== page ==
By Felipe Bueno, International News Writer
Russia has accused the US of breaking a ceasefire on September 15, with an airstrike that allegedly hit pro-government forces. This US-Russia -brokered ceasefire was intended to be the first step in bringing peace to the conflict. The United States and Russia have begun a heated debate over who bears responsibility for a recent airstrike against Syrian forces.
The Guardian reported that the Russian defense minister, Sergey Shoygu, claimed US–led coalition planes had killed 62 Syrian soldiers, wounded 100 more, and allowed Islamic State militants to gain an advantage through the strike.
He went on to raise the possibility that the US was acting in support of ISIS. The Syrian Observatory for Human Rights, a UK-based monitoring group, reported that about 80 Syrian soldiers were killed in the strike.
As reported by CNN, the Pentagon said the strike was accidental and US officials expressed regret.
In addition to the casualties, the airstrike could have much larger holistic repercussions on the Syrian civil war.
The brokering of an agreement by the United States and Russia, in any matter, is a milestone, especially in one of the longest and bloodiest conflicts of the recent decade. According to Al-Jazeera, the agreement was a weeklong ceasefire that began on Monday September 12, coinciding with the Muslim holiday, Eid al-Adha, agreed to by both the Syrian government and the opposing rebel groups. The truce, however, did not apply to the so called ‘Islamic State’ (ISIS), or Jabhat Fateh al-Sham, the group formerly known as al-Nusra Front, that changed its name after cutting ties with al-Qaeda in July.
Before the week had come to an end, reports arose that the United States had broken the ceasefire by carrying out an airstrike against Syrian ground forces in the city of Deir Ezzor.
Reportedly, American forces had been monitoring the area and thought the Syrian troops belonged to ISIS. Shortly after commencing the attack, Russian intelligence contacted the American troops, telling them to stop their attack, with the US claiming it had stopped immediately.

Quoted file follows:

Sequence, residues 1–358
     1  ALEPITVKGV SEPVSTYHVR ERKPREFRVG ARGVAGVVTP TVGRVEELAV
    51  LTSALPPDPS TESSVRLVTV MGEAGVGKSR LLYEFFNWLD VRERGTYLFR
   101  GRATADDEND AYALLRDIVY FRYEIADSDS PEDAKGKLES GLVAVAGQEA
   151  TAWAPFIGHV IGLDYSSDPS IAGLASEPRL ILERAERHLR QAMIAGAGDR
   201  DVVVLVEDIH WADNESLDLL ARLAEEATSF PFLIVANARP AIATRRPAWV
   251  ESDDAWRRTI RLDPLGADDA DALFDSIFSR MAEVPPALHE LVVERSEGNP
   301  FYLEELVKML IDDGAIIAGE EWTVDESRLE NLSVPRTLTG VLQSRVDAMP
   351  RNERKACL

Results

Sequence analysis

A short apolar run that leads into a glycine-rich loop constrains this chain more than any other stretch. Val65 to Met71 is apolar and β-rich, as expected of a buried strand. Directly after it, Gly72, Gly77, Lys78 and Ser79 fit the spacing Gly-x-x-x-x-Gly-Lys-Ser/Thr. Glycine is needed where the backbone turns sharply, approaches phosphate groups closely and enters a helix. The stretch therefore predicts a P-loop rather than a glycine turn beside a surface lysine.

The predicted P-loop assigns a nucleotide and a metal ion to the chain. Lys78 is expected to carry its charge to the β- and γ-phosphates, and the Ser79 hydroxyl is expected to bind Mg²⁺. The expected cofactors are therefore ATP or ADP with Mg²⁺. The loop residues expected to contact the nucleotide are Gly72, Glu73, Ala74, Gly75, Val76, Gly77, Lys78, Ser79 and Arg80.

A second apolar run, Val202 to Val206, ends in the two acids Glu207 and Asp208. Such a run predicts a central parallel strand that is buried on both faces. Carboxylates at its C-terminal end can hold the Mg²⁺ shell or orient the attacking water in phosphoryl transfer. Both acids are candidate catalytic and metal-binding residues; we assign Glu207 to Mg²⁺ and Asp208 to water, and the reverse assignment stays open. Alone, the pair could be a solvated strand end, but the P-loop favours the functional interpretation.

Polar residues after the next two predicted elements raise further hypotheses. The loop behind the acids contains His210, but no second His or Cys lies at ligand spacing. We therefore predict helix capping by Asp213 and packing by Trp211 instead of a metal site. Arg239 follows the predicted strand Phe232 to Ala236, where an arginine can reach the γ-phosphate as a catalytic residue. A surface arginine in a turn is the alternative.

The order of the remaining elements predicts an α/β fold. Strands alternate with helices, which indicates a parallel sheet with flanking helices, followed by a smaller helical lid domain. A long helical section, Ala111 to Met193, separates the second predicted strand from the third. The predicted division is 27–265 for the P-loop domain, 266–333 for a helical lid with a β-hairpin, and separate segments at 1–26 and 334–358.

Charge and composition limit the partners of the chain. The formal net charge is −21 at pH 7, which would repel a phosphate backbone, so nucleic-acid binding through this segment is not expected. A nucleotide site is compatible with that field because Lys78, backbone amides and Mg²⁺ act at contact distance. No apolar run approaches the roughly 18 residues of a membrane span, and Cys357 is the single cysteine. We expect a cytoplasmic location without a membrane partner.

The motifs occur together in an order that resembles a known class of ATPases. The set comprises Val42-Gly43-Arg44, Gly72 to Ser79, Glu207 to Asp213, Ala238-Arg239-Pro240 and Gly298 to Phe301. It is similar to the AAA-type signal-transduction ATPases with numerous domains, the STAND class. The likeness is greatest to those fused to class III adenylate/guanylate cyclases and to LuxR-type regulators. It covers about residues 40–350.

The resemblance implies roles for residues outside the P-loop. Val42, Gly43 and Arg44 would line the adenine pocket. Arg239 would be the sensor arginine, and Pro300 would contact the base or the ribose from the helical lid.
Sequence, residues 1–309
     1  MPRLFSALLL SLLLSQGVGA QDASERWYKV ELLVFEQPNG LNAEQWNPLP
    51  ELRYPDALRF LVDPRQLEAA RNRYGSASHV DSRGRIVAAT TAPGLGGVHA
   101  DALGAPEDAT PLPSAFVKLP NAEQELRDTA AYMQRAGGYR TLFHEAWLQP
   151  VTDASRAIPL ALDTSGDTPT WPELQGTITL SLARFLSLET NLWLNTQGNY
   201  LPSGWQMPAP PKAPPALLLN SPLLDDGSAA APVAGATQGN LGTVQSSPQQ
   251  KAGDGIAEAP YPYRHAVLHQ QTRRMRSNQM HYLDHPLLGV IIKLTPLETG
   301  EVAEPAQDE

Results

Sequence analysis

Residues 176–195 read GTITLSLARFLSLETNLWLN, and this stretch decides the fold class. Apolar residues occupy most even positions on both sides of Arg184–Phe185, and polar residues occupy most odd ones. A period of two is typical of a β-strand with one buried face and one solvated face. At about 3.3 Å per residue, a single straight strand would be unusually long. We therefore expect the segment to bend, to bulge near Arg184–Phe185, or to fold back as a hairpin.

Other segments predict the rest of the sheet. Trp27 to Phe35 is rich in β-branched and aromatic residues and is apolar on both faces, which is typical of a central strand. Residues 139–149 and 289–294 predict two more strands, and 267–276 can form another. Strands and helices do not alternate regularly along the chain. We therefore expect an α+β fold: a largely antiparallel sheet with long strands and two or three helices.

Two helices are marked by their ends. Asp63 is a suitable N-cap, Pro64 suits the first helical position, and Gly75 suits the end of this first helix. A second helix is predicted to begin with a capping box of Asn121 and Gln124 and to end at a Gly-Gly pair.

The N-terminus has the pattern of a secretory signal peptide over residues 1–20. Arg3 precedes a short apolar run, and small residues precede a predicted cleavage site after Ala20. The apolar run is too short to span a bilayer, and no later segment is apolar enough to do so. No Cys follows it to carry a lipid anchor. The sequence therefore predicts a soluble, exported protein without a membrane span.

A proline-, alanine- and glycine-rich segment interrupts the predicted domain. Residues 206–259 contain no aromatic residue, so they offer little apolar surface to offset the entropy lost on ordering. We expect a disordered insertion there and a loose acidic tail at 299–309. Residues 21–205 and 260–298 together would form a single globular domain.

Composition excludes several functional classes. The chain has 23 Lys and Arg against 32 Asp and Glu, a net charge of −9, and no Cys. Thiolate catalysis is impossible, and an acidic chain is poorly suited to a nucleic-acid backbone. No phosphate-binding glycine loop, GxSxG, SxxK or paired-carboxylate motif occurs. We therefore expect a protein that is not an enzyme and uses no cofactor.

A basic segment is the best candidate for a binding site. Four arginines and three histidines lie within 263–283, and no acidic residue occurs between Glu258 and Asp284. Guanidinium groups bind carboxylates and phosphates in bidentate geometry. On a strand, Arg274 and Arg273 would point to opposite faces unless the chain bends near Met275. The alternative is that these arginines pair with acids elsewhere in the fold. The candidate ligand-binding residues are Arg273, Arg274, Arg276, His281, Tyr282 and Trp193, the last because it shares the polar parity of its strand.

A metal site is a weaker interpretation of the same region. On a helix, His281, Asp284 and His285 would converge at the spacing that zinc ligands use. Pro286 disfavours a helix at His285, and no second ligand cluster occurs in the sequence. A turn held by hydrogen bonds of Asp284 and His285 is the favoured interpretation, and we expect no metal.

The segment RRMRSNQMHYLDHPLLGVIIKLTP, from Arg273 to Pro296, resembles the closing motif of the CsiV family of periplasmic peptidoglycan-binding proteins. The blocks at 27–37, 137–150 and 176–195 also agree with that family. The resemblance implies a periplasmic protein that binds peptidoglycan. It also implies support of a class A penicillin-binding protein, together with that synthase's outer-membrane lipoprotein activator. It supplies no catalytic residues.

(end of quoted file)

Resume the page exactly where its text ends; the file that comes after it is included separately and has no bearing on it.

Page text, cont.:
Russia, who is in support of Syrian president Bashar al-Assad, has forcefully condemned the United States for the attack.
Assad released a statement on Syria’s state media outlet, SANA, saying that, “whenever the Syrian state achieves tangible progress either on the ground or in national reconciliations, the states that are hostile to Syria increase their support for terrorist organizations. The most recent example of this is the flagrant US aggression on a Syrian Arab Army position in Deir Ezzor for the benefit of ISIS.”
Moscow called an emergency United Nations Security Council meeting behind closed doors in order to discuss the attack.
The 15 -member council met on Saturday evening, with full details still not being released to the public.
An important aspect of this attack is its timing. As part of the ceasefire, Washington and Moscow had agreed to establish a Joint Implementation Center to coordinate further strikes against terrorist groups.
This prospect made some pentagon officials uncomfortable as it would mean sharing US military information with Russia.
The attack on Syrian troops took place two days before the sharing of intelligence would theoretically have started, leading Russian authorities questioning whether the timing had any ulterior motives.
A version of this article appeared in the Tuesday, September 27th print edition.
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